Mal­dives: Is­land Friend­ship Bridge

Beijing (English) - - CONTENTS -

The Mal­dives is a South Asian coun­try lo­cated in the In­dian Ocean. It is made up of over 1,200 small co­ral is­lands, stretch­ing 820 km from north-to-south and 130 km from east-to-west. It is the world's low­est coun­try, with even its high­est nat­u­ral point be­ing the low­est in the world. It is also the small­est coun­try in Asia, and was an ideal tran­sit point for the great early mar­itime ex­plor­ers be­cause of its lo­ca­tion ap­prox­i­mately 600 km south of In­dia and 750 km south­west of Sri Lanka.

Its prox­im­ity to the equa­tor gives the Mal­dives a dis­tinct trop­i­cal mon­soon cli­mate, mean­ing the coun­try is hot all year round and of­ten hu­mid. How­ever, the coun­try is teem­ing with marine life, in­clud­ing a wide va­ri­ety of trop­i­cal fish, sea tur­tles and hawks­bill tur­tles, as well as abun­dant co­ral and shells.

Malé, the cap­i­tal of the Mal­dives, is lo­cated on the North Malé Atoll. It is the po­lit­i­cal and eco­nomic cen­tre of the coun­try, and fea­tures a port, with fish­ing and aquatic pro­cess­ing in­dus­tries as its most im­por­tant in­dus­tries. How­ever, the coun­try's main in­dus­try is un­doubt­edly tourism. The Mal­dives is one of the world's top is­land re­sorts, with truly un­for­get­table scenery—white sandy beaches and turquoise la­goons.

Af­ter ar­riv­ing at Malé Air­port, vis­i­tors switch to ei­ther a speed­boat, sea­plane or do­mes­tic land-based plane be­fore head­ing to the is­land and re­sort of their choice. Most tourists who visit the Mal­dives are at­tracted to the “wa­ter vil­las.'' As their name im­plies, th­ese are usu­ally de­tached build­ings built on la­goons sur­round­ing the is­lands, com­plete with sun decks and stair­cases that de­scend di­rectly into the wa­ter and the co­ral be­neath.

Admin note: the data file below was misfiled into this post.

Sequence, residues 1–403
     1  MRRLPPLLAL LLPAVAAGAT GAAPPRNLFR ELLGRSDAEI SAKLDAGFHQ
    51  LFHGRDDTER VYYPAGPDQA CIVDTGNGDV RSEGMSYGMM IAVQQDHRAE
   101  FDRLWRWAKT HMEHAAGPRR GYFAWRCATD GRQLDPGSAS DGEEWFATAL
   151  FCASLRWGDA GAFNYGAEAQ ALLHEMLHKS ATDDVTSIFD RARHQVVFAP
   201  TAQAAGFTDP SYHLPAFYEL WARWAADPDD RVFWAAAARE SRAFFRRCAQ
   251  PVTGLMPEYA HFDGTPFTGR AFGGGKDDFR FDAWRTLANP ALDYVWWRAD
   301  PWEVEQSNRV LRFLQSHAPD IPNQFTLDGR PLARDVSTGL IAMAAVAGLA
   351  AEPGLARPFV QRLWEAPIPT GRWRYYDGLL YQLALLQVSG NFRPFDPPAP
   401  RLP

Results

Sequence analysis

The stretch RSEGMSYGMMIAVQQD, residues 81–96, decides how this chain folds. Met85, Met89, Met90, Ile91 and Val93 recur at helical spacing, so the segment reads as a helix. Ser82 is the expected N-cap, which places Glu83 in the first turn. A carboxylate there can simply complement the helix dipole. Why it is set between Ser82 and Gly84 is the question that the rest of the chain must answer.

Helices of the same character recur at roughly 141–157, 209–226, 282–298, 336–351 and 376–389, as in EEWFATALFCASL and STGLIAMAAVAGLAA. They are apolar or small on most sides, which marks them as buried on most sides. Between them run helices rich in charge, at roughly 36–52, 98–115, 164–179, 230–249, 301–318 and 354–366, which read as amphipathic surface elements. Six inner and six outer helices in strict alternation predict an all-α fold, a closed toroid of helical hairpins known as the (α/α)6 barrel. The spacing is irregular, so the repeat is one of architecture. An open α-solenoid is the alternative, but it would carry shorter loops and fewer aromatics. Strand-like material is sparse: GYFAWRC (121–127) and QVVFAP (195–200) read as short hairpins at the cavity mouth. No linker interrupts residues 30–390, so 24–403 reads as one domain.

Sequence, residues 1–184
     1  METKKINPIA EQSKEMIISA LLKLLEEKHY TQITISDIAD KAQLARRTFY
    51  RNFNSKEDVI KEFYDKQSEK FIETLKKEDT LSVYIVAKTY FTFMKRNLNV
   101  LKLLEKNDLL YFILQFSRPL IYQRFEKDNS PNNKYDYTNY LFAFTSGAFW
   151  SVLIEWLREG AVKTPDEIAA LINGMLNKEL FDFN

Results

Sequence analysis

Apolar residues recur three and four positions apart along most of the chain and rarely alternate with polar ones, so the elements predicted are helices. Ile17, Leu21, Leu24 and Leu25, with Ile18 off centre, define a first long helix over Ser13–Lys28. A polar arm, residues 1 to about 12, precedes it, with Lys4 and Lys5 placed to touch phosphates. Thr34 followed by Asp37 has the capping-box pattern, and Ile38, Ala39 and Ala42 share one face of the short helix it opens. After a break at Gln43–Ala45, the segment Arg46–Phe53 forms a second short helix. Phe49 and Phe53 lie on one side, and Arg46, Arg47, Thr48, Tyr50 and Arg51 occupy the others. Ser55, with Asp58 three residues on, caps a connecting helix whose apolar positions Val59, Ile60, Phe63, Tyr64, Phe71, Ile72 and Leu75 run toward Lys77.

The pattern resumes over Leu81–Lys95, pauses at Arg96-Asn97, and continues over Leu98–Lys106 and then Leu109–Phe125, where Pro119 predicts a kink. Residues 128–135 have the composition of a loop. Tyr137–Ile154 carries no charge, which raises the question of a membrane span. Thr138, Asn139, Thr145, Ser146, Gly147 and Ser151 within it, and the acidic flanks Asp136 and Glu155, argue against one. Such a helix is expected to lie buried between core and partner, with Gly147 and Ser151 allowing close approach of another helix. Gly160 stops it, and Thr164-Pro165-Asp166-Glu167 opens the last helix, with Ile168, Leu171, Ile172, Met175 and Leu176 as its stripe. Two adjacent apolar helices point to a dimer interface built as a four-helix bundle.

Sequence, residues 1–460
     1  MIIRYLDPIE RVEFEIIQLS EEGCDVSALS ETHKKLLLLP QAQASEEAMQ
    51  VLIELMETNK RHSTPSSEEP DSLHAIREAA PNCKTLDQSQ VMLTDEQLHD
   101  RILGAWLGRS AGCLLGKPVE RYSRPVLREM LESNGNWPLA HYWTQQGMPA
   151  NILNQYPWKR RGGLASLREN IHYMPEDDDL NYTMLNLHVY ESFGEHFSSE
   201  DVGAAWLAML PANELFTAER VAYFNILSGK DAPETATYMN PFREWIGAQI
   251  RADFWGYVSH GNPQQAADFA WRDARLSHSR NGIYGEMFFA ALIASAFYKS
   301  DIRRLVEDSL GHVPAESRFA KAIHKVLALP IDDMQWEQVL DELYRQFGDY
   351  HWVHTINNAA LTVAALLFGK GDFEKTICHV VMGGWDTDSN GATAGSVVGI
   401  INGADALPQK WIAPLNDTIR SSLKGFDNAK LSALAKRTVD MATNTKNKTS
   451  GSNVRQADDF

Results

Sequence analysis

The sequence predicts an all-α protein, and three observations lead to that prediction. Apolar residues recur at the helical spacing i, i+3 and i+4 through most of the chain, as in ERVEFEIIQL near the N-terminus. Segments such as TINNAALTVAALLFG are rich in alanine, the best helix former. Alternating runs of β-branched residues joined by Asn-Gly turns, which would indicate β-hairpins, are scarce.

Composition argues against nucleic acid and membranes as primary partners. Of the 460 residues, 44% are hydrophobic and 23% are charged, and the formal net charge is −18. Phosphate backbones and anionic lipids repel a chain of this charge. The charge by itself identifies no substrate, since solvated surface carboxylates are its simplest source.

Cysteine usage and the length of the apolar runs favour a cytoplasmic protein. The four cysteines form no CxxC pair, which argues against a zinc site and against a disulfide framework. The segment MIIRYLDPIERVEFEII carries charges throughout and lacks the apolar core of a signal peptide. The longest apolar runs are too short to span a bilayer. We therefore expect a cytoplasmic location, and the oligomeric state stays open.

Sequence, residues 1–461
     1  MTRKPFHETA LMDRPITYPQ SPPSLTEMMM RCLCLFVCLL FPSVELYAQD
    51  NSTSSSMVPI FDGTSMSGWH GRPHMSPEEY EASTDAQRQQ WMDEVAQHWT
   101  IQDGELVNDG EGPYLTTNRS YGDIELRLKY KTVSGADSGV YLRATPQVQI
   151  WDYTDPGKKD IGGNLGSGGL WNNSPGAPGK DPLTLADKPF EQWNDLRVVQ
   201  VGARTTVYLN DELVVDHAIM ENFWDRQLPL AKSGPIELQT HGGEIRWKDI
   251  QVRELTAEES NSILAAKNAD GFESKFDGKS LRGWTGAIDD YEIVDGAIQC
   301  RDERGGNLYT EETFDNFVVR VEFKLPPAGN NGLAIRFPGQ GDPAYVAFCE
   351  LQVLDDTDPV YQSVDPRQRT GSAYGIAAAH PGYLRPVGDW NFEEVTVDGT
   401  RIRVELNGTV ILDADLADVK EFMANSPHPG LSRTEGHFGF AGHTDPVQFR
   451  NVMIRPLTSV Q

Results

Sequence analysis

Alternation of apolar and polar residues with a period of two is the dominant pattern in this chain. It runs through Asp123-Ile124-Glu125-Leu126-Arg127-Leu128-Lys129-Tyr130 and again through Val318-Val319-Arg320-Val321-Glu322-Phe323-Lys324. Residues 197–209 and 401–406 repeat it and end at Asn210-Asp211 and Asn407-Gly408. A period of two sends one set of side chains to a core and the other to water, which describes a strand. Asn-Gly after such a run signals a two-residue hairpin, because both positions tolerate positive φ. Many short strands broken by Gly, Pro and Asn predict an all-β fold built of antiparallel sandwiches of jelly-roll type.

A staff mem­ber from the Mal­dives Em­bassy in China en­thu­si­as­ti­cally in­tro­duced the coun­try to vis­i­tors at the “Colour­ful World” event: “Tourists gen­er­ally want to know things such as whether the sur­round­ing co­ral reefs are abun­dant, or whether the beaches are big enough.” Of course, tourists can also take sight­see­ing sea­planes to ap­pre­ci­ate the is­lands from above. The em­bassy worker con­tin­ued: “Tak­ing trips in dhoni boats is an­other good way to see other is­lands. And, Chi­nese tourists can get a 30-day visa on ar­rival. Af­ter ar­riv­ing in the Mal­dives, you sim­ply need to fill in an ar­rival card.”

“As an is­land na­tion on the ‘Belt and Road' route, we're ex­tremely hon­oured to be able to take part in the ‘Colour­ful World' event.” The Mal­dives booth not only fea­tured seafood prod­ucts and de­li­cious lo­cal snacks such as sea potato and bread­fruit chips, but also show­cased spe­cial hand­i­crafts from the coun­try.

The China-mal­dives Friend­ship Bridge (also known as the Si­na­malé Bridge) re­cently opened on Au­gust 30, 2018, con­nect­ing the air­port on Hul­hulé and Malé Atoll. Lo­cated in the North Malé Atoll, the bridge is two km long and the most im­por­tant piece of in­fra­struc­ture con­nect­ing the is­lands in the Mal­dives. It was jointly agreed on by the lead­ers of the two coun­tries dur­ing Pres­i­dent Xi Jin­ping's visit to the Mal­dives in 2014 and is a key project in the im­ple­men­ta­tion of the Belt and Road Ini­tia­tive. Com­ple­tion of the bridge has helped ease the liv­ing pres­sure for peo­ple on Malé Is­land and al­lows tourists to travel quickly and eas­ily be­tween the main is­land and air­port.

Newspapers in English

Newspapers from China

© PressReader. All rights reserved.